Wednesday, March 16, 2011

Book Review: Rocks of Ages, Stephen Jay Gould

I am going to be upfront: I think Rocks of Ages is one of Stephen Jay Gould's most important books as well as his most underrated. In a discussion where both sides seem more interested in painting each other as ignorant and immoral stumbling blocks impeding social progress than in actual civil discourse, Gould's is a voice of reason and reconciliation. A true mensch.

I am going to be upfront again: I was raised on the Methodist church, and I still live with my parents, one of whom is the woman who made sure I was raised Methodist (also known on this blog as Lawyer Mom). I have boundless love and respect for her, even if my Christian faith has fallen by the wayside. I also have no doubts that an upbringing more Christian than most has influenced my position on ethics and the role of religion more than I realize, so I gladly tip my hat to it.

It is this background that makes me fairly amenable to Christianity and religions on the whole. More amenable than intellectual rigor should allow? Maybe. But I subscribe to philosophy that it's better to be too flexible than to be too rigid; the global crowd of self-proclaimed atheists and freethinkers would do their movement a world of good if they remembered that their partners in this debate are, by and large, like my mother: intelligent, educated (Lawyer Mom holds a B.S., an M.S., and her law degree; Lawyer Mom is not an uneducated idiot), reasonable, and open to compromise.

Reasonable people don't want to waste time with people who appear unreasonable; common sense tells them that attempting to change their opinion would be an exercise in futility. Painting your opponent's stance as "poisoning everything"* or "delusional"** makes you appear just that: stubborn, broad-brushing, and unreasonable.*** Not only that, it sets the whole discussion on the poorest of foundations; your opponent now has to argue against exaggerated straw-man claims that they are out of their minds and ruining society, instead of the seriously addressing topic at hand. There is, in books and arguments and essays, a serious lack of rhetorically-sound fodder for debate on both sides. On the side of a designer-less evolution, Rocks of Ages does much to fill that lack.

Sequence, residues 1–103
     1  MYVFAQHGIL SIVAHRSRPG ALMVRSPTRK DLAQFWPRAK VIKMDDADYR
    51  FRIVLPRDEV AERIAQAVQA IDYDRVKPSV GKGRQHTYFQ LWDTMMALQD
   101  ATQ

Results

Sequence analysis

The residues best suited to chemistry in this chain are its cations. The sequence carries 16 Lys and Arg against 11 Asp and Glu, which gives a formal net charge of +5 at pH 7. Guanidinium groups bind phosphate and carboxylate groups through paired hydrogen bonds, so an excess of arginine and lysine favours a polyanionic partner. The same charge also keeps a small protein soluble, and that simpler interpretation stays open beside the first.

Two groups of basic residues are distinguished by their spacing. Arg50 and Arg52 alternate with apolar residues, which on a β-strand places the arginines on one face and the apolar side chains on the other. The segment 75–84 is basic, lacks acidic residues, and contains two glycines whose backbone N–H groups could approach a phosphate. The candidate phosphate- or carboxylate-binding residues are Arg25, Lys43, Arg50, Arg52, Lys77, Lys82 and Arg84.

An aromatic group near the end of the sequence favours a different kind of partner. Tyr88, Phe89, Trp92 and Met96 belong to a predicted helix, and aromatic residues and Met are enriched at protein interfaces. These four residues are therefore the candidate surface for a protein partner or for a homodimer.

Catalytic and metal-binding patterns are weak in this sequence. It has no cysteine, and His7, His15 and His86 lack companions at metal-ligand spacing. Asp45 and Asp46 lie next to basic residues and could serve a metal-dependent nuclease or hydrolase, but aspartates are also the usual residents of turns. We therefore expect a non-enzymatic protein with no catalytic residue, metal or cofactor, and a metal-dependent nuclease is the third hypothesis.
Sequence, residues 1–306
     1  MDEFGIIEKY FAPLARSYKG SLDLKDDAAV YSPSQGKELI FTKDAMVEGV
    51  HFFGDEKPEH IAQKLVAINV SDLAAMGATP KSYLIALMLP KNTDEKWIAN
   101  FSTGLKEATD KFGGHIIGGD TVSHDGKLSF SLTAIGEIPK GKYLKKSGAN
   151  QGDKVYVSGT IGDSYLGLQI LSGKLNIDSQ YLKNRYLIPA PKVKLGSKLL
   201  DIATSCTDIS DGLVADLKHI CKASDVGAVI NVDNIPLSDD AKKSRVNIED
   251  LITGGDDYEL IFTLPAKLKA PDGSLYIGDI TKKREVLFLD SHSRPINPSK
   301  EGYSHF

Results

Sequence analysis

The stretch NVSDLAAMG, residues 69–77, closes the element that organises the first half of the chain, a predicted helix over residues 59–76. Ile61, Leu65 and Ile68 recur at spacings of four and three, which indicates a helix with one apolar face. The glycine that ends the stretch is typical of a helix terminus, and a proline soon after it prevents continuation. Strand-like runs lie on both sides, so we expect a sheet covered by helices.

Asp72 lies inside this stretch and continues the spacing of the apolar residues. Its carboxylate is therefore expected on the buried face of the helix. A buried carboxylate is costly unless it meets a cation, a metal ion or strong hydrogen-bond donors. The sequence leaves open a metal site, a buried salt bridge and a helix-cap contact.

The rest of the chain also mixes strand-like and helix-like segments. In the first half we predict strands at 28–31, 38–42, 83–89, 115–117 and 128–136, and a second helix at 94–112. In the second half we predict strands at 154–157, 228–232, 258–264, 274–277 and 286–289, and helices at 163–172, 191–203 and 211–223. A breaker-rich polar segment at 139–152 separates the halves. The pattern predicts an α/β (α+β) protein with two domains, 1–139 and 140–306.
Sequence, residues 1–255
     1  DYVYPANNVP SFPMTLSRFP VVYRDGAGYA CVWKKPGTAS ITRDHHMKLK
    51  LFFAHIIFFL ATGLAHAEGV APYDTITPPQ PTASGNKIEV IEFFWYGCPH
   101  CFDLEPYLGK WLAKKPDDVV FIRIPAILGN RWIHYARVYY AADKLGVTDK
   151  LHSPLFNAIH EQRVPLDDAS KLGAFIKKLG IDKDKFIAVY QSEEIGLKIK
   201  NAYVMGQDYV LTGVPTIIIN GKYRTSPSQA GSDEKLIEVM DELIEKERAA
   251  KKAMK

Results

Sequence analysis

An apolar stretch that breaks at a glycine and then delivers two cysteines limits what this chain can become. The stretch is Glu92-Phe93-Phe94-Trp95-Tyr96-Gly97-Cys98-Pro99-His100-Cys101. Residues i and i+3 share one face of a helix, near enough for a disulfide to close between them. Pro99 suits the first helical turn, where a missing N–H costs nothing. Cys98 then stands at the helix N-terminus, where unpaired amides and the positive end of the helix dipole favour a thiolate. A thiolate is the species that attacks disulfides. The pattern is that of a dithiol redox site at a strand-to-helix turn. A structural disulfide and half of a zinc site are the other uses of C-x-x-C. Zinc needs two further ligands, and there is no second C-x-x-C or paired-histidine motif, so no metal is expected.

It's a slim volume, something you can read in a day, mostly because the argument Gould presents is straightforward to the point of not really needing much in the way of explication. An explanation, which later became a chapter of the book, is available on the Unofficial Stephen Jay Gould archive: Non-Overlapping Magisteria (NOMA). This is the concept upon which the entire book is based. Essentially: religion and science deal with such vastly unrelated topic matter that one cannot be an authority over the other. Gould bolsters this with personal anecdotes and outstanding science writing, all with his trademark eloquence and readability. Even if you disagree with his points, it's still an enjoyable and educational read.

I know, however, that NOMA is a philosophically unsatisfying for some people. It is, in a way, an argumentative side-step, and many people felt that Gould's reasons for separating the chocolate and peanut butter of religious conservatism and faith were not as well justified as they could be. I think it's not a question so much of intellectual rigor, but how well any one person can tolerate tension, paradox, and contradiction. An argument like that, on the face of it, is not going to satisfy a lot of people, and I understand why. Unfortunately, Gould never had much of a chance to back up his arguments; Rocks of Ages is one of the last ones he published before his untimely death in 2008. Either way, you should pick it up.

*referring to Christopher Hitchens' God Is Not Great: How Religion Poisons Everything
**Richard Dawkins' The God Delusion
***I'm well aware that the other side of this debate is no stranger to name-calling, strawmans and ad hominems. By no means am I giving them a free pass on it. But intelligent and educated people should just plain know better. (Though in the dark and murky world of book publishing, who knows who was in control of the final title cut: the author, wishing to summarize his argument? Or the publisher or literary agent, hoping to grab attention and, with it, more sales?)

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